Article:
In a post-race weekend media briefing which included, Steiner stood his ground and noted that he is not certain how the media played out his comments, but Haas his F1 outfit to run and he will do it, the he wants to do it.

Steiner (during Hungarian GP weekend) – “Mick in the last five races had quite a few big ones. If you have a spin or something like this, that happens. But these accidents are quite heavy. It’s a lot of money, and for no good reason. So we have to work on it, to get better on that one. And, obviously, the budget is the budget, and you need to stick to it. You always have to have ideas how to get around it, when you have these accidents.

“At the moment, obviously we feel it, but we can still deal with it. But soon we will be in a position where it’s like, yeah, we need to find new ways to overcome this. Because they’re getting a little bit too frequent and too heavy. We make too many mistakes, that is the problem – or I would say, in defence of Nikita, I shouldn’t use the plural, because in the last races he behaved very well. He did very well. He didn’t do any damage or anything. And Mick, just the last races, we had some accidents, which we need to get better at.”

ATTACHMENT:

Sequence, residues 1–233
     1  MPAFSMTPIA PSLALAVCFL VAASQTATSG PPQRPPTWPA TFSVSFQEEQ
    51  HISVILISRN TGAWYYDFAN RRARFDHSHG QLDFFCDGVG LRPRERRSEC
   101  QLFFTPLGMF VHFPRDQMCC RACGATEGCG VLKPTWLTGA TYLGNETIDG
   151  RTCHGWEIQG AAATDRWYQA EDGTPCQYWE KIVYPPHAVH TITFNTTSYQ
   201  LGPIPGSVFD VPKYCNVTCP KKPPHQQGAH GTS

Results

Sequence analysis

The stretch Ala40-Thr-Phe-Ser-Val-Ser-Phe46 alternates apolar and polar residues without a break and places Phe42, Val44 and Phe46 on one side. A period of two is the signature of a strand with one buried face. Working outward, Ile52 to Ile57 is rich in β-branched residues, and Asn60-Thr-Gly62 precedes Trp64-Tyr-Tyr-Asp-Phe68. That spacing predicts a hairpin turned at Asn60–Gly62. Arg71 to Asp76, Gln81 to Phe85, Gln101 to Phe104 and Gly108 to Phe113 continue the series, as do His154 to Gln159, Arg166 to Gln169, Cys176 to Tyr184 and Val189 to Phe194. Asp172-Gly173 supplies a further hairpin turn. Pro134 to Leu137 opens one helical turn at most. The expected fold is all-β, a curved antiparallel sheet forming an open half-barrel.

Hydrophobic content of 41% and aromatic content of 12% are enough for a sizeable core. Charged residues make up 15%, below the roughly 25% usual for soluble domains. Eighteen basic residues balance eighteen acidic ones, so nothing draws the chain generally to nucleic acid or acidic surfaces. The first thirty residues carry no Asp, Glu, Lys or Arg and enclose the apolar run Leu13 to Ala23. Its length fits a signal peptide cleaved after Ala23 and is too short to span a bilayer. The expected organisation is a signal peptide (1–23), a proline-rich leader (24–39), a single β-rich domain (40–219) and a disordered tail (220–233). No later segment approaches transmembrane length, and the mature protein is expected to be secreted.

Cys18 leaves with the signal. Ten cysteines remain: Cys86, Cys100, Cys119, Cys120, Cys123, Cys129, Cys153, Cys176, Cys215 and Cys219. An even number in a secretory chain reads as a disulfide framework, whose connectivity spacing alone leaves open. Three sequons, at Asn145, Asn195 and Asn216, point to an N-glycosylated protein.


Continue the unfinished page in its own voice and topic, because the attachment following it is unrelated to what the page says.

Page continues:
“From our side, we just have to make plans how we spend our money. We know exactly what we are doing on parts and this, but to deal with the drivers, it’s mainly just maybe sitting down and explain the big picture again, that sometimes you need to take risk, but you take risk if there is opportunity. If there is no opportunity, I never take risks personally, because there’s nothing to be gained. And I think at the moment, we know that there is not a lot to be gained, especially not in FP3, and we shouldn’t take this risk in FP3.

“I mean I think they know that by now and an explanation again hopefully helps, I mean we have done that before and for me, it’s like if you want to continue the rule is to get better and this is part of it. It’s not only how fast you go but how you manage your resources, how you manage your people and how you work with people. Its not only one thing, it’s not only a lap time, it’s a lot of things because you also need to have a vision, what is afterwards? Is it worth the risk as I said, if there is no opportunity there’s no point in taking the risk.”